Jannatul Maoa is a writer and an interfaith dialogue activist. She has 11 years of experience in working and dealing with people from diverse religious and cultural backgrounds. As a student of the Department of World Religions and Culture, Jannatul participated and voluntarily facilitated several interreligious dialogue programs arranged by the Center for Interreligious and Intercultural Dialogue of Dhaka University, Bangladesh. She has worked with various organizations like the International Association for Religious Freedom, Universal Peace Federation, and the Youth Group of Global network for Rights and Development.
She has presented many papers at several international and local conferences that have been published in local and international journals. In addition, she has published a book in Bengali on gender discrimination in religious contexts. Acknowledging her contribution to the field of interreligious dialogue in Bangladesh, the US State Department invited her to participate in a leadership training on interreligious dialogue.
Currently, Jannatul is pursuing research for her master’s degree. Her plan is to spread the message of interreligious harmony among children. She believes that dialogue between atheists and people of faith is also important. She also thinks gender discrimination in religion should be a topic of dialogue between women and religious leaders so that conflicting views can be discussed openly. For Jannatul, dialogue is not just a polite discussion, but about the development of new ideas.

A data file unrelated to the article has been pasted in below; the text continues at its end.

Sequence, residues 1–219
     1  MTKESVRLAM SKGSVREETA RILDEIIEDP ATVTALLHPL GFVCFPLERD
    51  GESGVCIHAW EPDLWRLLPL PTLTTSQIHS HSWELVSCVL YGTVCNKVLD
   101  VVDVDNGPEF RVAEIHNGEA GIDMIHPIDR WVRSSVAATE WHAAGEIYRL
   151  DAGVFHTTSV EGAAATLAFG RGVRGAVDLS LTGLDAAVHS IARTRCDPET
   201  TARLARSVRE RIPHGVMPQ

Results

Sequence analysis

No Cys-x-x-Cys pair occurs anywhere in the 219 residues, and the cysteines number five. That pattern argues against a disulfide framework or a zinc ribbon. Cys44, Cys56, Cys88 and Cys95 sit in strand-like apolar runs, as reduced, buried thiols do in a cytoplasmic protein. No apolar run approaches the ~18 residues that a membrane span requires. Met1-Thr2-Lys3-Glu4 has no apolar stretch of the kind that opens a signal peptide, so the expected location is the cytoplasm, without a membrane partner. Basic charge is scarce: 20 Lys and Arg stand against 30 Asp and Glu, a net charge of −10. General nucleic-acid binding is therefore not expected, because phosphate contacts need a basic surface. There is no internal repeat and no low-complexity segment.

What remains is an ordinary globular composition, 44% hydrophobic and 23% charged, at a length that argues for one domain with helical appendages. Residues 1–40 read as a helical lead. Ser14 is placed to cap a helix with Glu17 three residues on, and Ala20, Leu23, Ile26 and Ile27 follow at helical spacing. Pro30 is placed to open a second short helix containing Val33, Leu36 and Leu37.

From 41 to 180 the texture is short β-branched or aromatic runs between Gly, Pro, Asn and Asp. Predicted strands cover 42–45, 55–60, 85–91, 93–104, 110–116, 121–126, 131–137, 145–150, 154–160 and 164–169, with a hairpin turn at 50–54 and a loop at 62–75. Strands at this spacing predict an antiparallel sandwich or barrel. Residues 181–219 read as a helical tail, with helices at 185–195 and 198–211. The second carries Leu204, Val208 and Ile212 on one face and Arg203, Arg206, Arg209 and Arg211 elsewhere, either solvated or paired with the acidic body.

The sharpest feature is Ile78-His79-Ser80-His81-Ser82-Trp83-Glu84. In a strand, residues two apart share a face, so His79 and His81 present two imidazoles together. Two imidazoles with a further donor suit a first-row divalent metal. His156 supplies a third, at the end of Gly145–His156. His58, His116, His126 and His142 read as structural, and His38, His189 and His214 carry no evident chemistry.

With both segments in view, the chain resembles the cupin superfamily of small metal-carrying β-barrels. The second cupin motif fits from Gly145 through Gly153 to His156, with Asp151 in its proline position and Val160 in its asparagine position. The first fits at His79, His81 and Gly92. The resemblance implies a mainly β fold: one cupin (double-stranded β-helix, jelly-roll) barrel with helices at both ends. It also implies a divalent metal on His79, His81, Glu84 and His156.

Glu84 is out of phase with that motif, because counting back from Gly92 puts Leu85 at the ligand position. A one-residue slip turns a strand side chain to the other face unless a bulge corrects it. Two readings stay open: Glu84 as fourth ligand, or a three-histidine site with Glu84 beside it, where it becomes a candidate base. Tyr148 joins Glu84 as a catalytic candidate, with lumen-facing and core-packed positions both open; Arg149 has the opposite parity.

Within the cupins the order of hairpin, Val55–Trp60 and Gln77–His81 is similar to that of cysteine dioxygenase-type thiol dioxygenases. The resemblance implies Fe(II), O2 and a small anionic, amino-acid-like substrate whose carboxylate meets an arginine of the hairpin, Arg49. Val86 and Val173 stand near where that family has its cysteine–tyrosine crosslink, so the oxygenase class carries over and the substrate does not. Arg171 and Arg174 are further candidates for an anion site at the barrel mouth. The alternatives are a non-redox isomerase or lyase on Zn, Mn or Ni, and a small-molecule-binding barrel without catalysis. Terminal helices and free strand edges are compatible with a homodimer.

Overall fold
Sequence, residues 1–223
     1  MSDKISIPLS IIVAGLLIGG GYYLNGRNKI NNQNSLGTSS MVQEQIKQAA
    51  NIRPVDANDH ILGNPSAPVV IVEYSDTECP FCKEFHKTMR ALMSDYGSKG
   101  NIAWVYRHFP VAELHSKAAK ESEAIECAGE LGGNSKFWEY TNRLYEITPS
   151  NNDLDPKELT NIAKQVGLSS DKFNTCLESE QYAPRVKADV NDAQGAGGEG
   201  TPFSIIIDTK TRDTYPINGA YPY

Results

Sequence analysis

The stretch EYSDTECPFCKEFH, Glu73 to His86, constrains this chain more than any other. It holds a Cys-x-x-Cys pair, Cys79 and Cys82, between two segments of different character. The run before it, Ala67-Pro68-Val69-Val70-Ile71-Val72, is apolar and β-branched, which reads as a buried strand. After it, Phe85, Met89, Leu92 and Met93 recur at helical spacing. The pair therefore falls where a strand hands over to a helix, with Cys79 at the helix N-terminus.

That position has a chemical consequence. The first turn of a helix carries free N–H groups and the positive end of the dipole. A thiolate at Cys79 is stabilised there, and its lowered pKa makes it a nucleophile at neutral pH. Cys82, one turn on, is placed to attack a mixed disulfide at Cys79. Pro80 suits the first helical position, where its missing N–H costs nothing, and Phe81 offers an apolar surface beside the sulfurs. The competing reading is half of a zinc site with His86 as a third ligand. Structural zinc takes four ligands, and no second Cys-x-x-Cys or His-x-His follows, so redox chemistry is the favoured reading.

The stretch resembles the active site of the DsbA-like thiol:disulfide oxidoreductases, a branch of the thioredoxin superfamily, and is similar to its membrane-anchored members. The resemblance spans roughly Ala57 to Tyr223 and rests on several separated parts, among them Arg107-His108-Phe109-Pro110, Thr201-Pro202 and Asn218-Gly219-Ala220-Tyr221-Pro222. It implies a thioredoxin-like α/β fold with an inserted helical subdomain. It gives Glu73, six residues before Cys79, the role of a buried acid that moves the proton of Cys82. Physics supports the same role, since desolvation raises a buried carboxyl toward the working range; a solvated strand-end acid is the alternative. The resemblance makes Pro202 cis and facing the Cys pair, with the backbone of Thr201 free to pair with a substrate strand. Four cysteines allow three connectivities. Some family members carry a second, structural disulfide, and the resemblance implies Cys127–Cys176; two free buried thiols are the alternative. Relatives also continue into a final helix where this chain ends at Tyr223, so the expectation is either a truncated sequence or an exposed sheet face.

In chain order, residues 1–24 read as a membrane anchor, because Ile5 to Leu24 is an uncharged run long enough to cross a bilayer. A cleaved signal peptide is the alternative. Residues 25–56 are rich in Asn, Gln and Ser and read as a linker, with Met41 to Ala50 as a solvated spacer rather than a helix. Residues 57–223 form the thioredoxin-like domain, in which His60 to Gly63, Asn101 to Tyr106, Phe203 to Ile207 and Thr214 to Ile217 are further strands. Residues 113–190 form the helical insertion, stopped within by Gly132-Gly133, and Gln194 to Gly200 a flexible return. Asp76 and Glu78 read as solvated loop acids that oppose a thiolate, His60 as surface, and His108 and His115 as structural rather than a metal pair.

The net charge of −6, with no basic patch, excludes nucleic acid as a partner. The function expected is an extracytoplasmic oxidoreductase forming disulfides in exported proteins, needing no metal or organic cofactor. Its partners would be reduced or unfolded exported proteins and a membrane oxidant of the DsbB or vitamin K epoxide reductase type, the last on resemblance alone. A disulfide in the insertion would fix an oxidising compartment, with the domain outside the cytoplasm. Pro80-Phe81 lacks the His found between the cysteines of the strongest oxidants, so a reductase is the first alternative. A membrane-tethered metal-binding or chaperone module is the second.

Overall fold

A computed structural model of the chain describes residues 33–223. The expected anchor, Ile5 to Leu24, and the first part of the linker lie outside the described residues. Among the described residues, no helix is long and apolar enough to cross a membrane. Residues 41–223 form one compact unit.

Interreligious Activities and Initiatives
Women’s Global Initiative For Peace Through IRD
To increase women’s engagement in conflict prevention, management and peacebuilding through dialogue we will arrange capacity building training. Before that there will be a brief field study. On the basis of that study we will plan our training materials, method and evaluation process. Through social media we will connect the trainees from different regions of the world, so that they can share their experiences, resources and network after the training session also.
Beauty in Diversity
I have attended several Inter-religious and Inter-cultural In my country. But all of these programs were designed for the people above 20 years old. I believe including children and teenagers in Interreligious and Intercultural Dialogue is very important. Usually, what they learn in this age last longer. It is very easy to motivate young minds towards good activities. In a country like Bangladesh, where most of the people tend to live in a compartmentalized group within a society I would like to make our children familiar with the people of other religions and culture living in the society. In my title I did not use any word (Ex. Interreligious Dialogue) which may give people a prior negative idea that we may teach the students about other religions. In fact I would not teach them about any religion or culture, my main aim is to make them familiar about cultural diversities around them. I also would like to make them feel that this religious and cultural diversity is beautiful; there is nothing wrong in it.